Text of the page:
Similar to other starling species, the red-winged starling is an omnivore, feeding on a wide range of seeds, berries, nectar from plants such as Aloes and  invertebrates such as the beetles. As we saw from the hide, they will also scavenge on carrion and food scraps from humans.

“I marvel at the richness, variety and unexpectedness of it all – there is more to see than you can imagine” ~ Mike Haworth

Explore, seek to understand, marvel at its inter-connectedness and let it be.

Have fun,

Mike

The giant’s small but colourful raiders

This is the fourth post from our trip to Giant’s Castle in the central berg which is part of the Drakensberg mountain range in the centre of South Africa. One of the main attractions is the vulture hide which is about five kilometres from the Giant’s Castle camp where the hide is located on the edge of a plateau in the middle berg. The hide is for bird watchers and photographers alike. Being in high demand the hide has to be booked, especially over weekends. One of the main functions of the hide is to put bones out in the open to feed the bearded vultures. This has become necessary because  the bearded vultures have become endangered due to humans encroaching on their habitat.

“Fascination is one step beyond interest. Interested people want to know if it works. Fascinated people want to learn how it works.” ~Jim Rohn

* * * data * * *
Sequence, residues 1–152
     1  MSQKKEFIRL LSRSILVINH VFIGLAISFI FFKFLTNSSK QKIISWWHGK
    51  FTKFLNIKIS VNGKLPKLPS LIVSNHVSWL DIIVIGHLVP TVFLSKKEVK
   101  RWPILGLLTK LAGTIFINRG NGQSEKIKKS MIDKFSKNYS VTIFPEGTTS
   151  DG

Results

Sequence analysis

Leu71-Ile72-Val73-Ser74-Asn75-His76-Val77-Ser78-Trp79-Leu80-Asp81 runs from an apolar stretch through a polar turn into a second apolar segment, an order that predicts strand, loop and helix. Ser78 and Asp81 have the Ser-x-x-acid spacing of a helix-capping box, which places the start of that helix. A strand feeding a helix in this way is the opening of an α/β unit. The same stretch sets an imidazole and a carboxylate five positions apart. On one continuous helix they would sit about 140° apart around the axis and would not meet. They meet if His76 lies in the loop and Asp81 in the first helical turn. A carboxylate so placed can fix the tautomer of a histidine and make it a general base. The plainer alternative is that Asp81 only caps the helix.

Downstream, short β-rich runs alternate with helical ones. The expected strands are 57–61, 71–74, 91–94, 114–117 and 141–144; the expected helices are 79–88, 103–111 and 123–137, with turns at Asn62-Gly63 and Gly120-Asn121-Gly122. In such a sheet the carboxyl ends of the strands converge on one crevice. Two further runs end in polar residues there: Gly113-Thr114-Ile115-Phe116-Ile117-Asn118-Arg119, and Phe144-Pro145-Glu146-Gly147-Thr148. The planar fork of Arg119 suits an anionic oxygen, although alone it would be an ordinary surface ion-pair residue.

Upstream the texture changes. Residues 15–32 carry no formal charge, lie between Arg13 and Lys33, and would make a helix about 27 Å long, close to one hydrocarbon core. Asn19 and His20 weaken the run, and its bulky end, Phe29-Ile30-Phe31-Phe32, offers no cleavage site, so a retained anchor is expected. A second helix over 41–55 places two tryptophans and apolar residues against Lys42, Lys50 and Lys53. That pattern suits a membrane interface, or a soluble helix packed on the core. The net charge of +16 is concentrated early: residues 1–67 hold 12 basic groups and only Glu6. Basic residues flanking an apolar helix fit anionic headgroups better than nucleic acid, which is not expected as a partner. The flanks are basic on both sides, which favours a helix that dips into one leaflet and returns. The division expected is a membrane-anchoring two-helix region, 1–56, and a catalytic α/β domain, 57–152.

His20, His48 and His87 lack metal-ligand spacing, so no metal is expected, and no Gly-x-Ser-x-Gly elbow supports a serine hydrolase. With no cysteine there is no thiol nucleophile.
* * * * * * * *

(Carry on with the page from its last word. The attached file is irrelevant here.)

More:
We leave bones out on the grass shelf in front of the hide. Raiders such as White-necked ravens and Red-winged starlings are the first to tuck into the daily feast. The Jackal buzzards and Cape vultures also come in to have a look. More surprisingly, there are an amazing assortment of small feathered visitors which come into partake in the feast. Some come in to feed on the grass seed and insects in front of the hide. For some unknown reason, there seems to be a regular routine to the visitors arrival. The Yellow bishops come in at first light to feed on the grass seed as do the Speckled pigeons. After an hour or so they leave. It makes me wonder whether the grass exposes its seed at intervals.

“I think everyone has some fascination with what’s outside our existence. It’s a constant journey to find the truth.”Nicholas Lea

A view from the west side of the hide at around 7h30 in the morning.

As the sun rises higher in the sky the light changes and the distant mountains take on a blue hue.

The hide is located high on the side of a ridge in the middle berg. There is a steep drop off below the hide. If you look carefully the hide is on the skyline of the ridge, about two fifths from the left hand side of the image. .

If all life were eternal all interest and anticipation would vanish. It is uncertainty which lends its fascination.”~ Yoshida Kenko

A female Yellow bishop puffed up as it was quite chilly first thing in the morning, being winter.

The female Yellow bishops came in twice a day – in the early morning and again around mid-afternoon. They are seed eaters and I wonder why they would visit twice a day –  it makes me wonder whether the grasses progressively expose their seeds?

The Speckled pigeons came in first thing in the morning and only foraged for seeds. We only saw one pair at a time.

The male fluffed out his neck feathers as a sign he was impressed by the female close by.

I was surprised to see a Fiscal shrike, or “Butcher bird” as we call it, at such a high elevation.  I would not have thought there were many insects  at that altitude in mid-winter. The one thing I have learnt about the hide is that my expectations are frequently confounded.

Abundance is not something we acquire. It is something we tune into.” ~ Wayne Dyer